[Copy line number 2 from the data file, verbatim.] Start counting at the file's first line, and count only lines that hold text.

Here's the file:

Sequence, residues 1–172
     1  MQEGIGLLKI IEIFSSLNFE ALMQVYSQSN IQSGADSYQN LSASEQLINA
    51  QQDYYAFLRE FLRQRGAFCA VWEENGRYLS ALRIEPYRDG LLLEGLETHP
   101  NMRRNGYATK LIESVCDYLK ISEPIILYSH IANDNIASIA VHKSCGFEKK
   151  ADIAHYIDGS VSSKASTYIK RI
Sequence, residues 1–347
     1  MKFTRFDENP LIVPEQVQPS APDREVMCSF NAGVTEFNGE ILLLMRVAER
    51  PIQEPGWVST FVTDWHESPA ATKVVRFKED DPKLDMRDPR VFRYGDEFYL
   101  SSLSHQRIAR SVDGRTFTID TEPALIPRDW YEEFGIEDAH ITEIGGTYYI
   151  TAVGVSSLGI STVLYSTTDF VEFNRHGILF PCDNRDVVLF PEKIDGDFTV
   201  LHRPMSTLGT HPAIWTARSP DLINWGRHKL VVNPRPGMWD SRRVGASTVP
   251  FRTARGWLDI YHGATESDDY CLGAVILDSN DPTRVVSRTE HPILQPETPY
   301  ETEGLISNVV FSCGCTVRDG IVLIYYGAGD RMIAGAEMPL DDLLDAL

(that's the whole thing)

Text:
     1  MQEGIGLLKI IEIFSSLNFE ALMQVYSQSN IQSGADSYQN LSASEQLINA